Everyone experiences mental stress at one time or another. Maybe you’re starting a new career, job, or business, or you feel incredibly overwhelmed between work, parenting, and your love life (or a lack of it). It could even be that you simply feel that you have way too much to do and not enough time to do it,  plus, on top of everything, nothing seems to be going the way it should!

    Yup, we all experience mental stress from time-to-time, and that’s okay as long as you have the tools, techniques and knowledge that allow you to fully relieve it once it comes.

    Here are 5 tips for relieving mental stress when it comes so you can function at your best while feeling good (and doing well) in work, love, or life:

    1. Get Rationally Optimistic

    Mental stress starts with your perception of your experiences. For instance, most people get stressed out when they perceive their reality as “being wrong” in some way. Essentially, they have a set idea of how things “should be” at any given moment, and when reality ends up being different (not even necessarily bad), they get stressed.

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    This process is simply a result of perception and can be easily “fixed” by recognizing that although life might not always be going as YOU think it should, it’s still going as it should—for your own benefit.

    In fact, once you fully recognize that everything in your life ultimately happens for your own growth, progress, and development—so you can achieve your goals and dreams—your perception works in your favor. You soon process and respond to your experience of life differently, for your advantage. That’s the essence of becoming “rationally optimistic.”

    The result: no more mental stress.

    2. Unplug

    Just like you might need to unplug your computer when it starts acting all crazy, you should also “unplug” your mind.

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    How on earth do you unplug your mind? Simple: just meditate.

    It isn’t nearly difficult or complicated as some people think, so, if you don’t already meditate, give it a try. Whether you meditate for 5 minutes, 30 minutes, or 2 hours, this is a surefire way to reduce mental stress.

    Meditation has been scientifically proven to relax your body (resulting in less mental stress), while also reducing anxiety and high blood pressure.

    3. Easy on the Caffeine

    Yes, we know, we know—everyone loves a nice java buzz, and that’s okay, but there’s a fine line between a small caffeine pick-me-up and a racing heart and mind that throws you into a frenzy of mental stress.

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    Try giving up caffeine for a while and see how you feel. And, if that’s completely out of the question for you, at least try to minimize it. You might find that lots of your mental stress mysteriously “disappears” as your caffeine intake goes down.

    4. Attack Mental Stress Via the Back Door

    That’s right: your body and mind are part of the whole being, and are constantly influencing and affecting each other. If you’re experiencing a lot of mental stress, try to reduce it by calming your body down—a calm body equals a calmer mind.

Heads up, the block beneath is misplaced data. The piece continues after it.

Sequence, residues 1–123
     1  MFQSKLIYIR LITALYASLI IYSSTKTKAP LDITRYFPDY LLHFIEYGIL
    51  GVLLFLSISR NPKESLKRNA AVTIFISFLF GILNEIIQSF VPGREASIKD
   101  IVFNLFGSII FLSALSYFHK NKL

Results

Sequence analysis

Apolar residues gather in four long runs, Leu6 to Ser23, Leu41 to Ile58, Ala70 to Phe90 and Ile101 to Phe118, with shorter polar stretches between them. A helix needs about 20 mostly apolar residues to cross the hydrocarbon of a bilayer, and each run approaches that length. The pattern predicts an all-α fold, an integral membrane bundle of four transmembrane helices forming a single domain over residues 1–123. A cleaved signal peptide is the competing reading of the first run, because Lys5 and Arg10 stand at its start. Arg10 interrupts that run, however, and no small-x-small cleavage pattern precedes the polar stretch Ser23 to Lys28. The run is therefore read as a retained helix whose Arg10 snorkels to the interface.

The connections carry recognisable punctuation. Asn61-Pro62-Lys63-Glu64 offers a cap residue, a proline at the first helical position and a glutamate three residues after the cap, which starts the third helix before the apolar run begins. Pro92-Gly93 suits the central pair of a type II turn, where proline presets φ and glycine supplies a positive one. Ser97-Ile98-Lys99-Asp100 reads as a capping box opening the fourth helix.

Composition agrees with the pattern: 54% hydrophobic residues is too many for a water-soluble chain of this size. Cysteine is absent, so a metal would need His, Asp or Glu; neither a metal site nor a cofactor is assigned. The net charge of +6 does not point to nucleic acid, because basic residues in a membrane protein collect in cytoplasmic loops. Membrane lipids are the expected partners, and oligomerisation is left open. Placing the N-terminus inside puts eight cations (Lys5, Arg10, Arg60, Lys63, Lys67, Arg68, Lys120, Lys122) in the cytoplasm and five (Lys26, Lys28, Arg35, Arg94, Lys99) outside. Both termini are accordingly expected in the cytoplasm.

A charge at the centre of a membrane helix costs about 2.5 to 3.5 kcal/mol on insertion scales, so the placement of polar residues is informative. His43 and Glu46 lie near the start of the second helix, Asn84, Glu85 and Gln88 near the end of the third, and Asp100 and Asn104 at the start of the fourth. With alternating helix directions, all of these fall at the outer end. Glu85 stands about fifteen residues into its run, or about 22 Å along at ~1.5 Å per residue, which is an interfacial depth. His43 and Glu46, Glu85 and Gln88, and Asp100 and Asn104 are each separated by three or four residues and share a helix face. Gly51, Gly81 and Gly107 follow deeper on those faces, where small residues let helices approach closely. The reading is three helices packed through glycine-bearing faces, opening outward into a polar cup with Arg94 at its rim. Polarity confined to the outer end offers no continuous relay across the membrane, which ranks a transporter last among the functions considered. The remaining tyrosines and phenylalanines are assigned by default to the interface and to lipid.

How do you calm your body down and reduce physical stress? A  great way to reduce physical stress (thereby reducing mental stress) is to take natural supplements that are proven to reduce stress and anxiety while lifting your mood. Three good ones to look into are kava-kava, St John’s wort, and rhodiola rosea:

    • Kava-kava is a natural plant known to have mild sedative properties, and you should be able to find it at your natural health food store or vitamin store. It’s available in capsules or liquid extract form.
    • St John’s wort is a natural flower used to treat depression. Again, it’s found at your local health store in capsules or liquid. Because it uplifts mood (enabling you to see the brighter side of all experiences) it helps relieve mental stress as well.
    • Rhodiola rosea is a natural plant shown to reduce stress and uplift mood, and Russian athletes have been using it forever. Like the other two supplements mentioned, rhodiola rosea can be found at your natural health store in capsule or liquid form.

    While these supplements are all natural and can be very helpful for most people, always check with your health care provider first as they can cause side-effects depending on your current health situation etc.

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    5. Good Old-Fashioned Exercise

    This tip has been around forever because it works. Nothing relieves mental stress like running, kickboxing—you name it. Anything super-physical will wipe out most of your mental stresses once the exercise endorphins (happy chemicals) are released into your brain.

    The result: mental stress will be gone!

    So, if you’re feeling overwhelmed or just plain stressed, try using some of the above tips. You can even print this out or save it to refer to regularly.